# Practise Your Skills When Adding Numbers With More Than Four Digits

In this worksheet, students will add numbers with more than four digits.

Key stage:  KS 2

Curriculum topic:   Number: Addition and Subtraction

Curriculum subtopic:   Add/Subtract Four-Digit (or more) Numbers

Difficulty level:

#### Worksheet Overview

In this activity, we are going to practise adding numbers with more than four digits.

The column method is an efficient method for adding large numbers, so this is what we are going to use.

We will be exchanging/carrying in some questions - sometimes more than once!

Top Tips:

Write each question out clearly - it can be useful to use squared paper if you are writing out the questions.

Check the digits are in the correct order (it is easy to muddle them up!)

Make sure each digit is in the correct column.

Start at the ones and work towards the left-hand column.

We could use the inverse operation to check our answers!

Example

Add together 24,374 + 35,32​5

We set out the question as shown in the example above.

Each digit must go in the correct column as shown.

We then add the columns together, starting with the ones column.

The ones: 4 + 5 = 9  We put the 9 in the ones column.

The tens: 7 + 2 = 9  (70 + 20 = 90)

The hundreds:  3 + 3 = 6  (300 + 300 = 600)

The thousands: 4 + 5 = 9 (4,000 + 5,000 = 9,000)

The ten thousands: 2 + 3 = 5 (20,000 + 30,000 = 50,000)

The answer is 59,699

There was no exchanging/carrying in this question.

Now let's have a look at a question where we need to exchange or carry.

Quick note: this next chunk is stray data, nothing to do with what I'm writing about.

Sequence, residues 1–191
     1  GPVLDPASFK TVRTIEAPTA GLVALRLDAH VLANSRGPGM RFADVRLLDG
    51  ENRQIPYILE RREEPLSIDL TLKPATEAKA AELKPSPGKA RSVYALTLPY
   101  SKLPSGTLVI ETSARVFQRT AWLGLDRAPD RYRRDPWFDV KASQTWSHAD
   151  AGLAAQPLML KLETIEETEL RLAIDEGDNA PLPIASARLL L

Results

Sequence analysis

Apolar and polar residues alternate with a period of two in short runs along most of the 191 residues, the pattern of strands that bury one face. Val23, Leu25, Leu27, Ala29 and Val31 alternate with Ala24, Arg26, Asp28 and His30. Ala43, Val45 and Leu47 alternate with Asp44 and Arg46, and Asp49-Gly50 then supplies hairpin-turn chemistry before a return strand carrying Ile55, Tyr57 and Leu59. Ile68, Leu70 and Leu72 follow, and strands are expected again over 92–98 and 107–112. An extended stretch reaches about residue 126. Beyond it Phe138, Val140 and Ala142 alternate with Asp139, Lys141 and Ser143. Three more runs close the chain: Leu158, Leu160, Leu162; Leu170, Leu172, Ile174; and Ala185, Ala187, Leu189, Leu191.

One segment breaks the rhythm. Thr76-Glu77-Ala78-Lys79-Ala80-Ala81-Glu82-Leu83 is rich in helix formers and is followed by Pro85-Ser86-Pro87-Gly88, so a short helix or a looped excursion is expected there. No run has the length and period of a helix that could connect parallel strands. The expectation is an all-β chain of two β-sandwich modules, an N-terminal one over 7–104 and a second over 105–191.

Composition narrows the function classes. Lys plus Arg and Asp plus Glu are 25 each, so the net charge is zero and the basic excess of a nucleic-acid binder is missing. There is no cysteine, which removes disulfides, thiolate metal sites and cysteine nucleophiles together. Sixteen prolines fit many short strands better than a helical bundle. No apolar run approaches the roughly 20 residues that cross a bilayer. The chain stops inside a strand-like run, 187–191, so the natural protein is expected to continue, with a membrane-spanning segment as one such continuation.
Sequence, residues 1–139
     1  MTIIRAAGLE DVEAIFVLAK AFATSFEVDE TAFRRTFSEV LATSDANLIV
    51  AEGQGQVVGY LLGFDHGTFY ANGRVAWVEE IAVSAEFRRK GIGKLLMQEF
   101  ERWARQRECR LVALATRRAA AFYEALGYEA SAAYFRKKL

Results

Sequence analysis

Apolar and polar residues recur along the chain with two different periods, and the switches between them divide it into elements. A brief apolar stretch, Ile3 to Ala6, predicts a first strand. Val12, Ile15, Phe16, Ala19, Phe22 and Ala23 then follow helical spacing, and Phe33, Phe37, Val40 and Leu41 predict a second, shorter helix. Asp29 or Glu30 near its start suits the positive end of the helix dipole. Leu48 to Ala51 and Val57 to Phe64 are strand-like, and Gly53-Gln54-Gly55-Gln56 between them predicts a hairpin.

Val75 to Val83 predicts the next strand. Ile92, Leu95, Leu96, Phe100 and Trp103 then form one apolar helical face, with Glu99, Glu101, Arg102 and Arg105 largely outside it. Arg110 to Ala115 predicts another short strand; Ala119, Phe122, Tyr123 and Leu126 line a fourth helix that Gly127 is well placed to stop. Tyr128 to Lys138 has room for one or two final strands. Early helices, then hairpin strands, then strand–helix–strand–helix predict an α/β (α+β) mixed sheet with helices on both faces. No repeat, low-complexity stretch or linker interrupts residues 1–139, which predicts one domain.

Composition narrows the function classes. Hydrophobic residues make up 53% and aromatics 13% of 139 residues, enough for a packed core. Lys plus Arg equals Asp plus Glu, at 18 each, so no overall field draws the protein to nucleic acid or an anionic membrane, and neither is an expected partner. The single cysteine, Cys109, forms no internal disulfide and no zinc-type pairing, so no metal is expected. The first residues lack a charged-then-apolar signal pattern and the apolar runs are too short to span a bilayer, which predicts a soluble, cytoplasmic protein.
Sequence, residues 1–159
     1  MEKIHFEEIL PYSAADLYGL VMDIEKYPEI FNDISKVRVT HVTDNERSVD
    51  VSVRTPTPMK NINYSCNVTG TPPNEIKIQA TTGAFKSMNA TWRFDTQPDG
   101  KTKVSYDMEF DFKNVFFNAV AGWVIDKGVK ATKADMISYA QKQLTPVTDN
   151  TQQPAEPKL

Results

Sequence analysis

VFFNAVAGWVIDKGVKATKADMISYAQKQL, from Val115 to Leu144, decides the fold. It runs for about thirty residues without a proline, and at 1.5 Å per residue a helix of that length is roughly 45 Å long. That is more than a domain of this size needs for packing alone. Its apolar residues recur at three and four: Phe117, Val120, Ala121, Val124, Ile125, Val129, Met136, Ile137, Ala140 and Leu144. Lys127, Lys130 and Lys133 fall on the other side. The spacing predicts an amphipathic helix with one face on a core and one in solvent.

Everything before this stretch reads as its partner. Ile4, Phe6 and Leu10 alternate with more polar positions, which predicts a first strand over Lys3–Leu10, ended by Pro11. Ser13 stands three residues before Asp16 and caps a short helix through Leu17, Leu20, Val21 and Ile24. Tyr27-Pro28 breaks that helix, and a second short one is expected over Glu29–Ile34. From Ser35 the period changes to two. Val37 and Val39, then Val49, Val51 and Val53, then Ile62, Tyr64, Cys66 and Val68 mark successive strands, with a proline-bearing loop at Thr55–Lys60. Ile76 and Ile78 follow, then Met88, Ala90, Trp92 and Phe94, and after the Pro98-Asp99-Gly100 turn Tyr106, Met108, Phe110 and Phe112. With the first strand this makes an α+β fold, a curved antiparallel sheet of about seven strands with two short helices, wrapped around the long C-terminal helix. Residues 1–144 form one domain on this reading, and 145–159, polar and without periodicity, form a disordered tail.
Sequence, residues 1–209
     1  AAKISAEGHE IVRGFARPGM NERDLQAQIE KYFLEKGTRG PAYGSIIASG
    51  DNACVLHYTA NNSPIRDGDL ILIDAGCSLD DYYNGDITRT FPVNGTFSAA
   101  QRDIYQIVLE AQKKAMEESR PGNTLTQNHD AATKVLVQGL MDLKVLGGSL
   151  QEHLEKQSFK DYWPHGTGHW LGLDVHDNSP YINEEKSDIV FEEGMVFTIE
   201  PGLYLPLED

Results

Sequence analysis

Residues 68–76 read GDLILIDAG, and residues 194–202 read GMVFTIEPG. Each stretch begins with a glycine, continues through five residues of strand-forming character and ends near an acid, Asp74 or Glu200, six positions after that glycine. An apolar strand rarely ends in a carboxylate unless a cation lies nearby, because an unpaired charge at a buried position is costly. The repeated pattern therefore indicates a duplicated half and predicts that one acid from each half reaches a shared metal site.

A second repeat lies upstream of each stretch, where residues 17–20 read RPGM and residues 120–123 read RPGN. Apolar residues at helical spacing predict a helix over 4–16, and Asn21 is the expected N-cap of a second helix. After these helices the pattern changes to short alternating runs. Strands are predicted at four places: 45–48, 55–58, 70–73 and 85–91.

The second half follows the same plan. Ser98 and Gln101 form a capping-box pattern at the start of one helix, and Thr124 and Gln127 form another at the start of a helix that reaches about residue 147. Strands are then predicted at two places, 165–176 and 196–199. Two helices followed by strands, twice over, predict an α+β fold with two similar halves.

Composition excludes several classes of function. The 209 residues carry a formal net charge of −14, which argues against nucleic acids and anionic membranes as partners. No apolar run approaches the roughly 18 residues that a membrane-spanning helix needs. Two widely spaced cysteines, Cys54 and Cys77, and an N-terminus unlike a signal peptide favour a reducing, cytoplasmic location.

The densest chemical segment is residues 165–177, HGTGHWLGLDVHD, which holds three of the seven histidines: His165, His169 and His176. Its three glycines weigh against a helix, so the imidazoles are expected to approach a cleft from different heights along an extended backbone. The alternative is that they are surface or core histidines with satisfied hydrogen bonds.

Add together 75,468 + 33,825

We set out the question as shown in the example above.

Each digit must go in the correct column as shown.

We then add the columns together starting with the ones column.

The ones: 8 + 5 = 13  We put the 3 in the ones column and carry the 1 (10 to the tens column)

The tens: 6 + 2 = 8 + 1 = 9 (60 + 20 = 80 + 10 = 90)

The hundreds:  4 + 8 = 12  (400 + 800 = 1,200 ) put the 2  (200) in the hundreds column and carry the 1 (1,000) to the thousands column

The thousands: 5 + 3 = 8 + 1 = 9 ( 5,000 + 3,000 = 8,000 + 1,000 = 9,000)

The ten thousands: 7 + 3 = 10 (70,000 + 30,000 = 100,000 ) put the 0 in the ten thousands column and the 1 in the hundred thousands column (a new column!)

The answer is  109,293

Now why don't you have a go at answering some questions?

Remember, we can do the inverse (opposite) operation to check answers!

Come back and look at the examples here at any point by clicking on the red help button on the screen.

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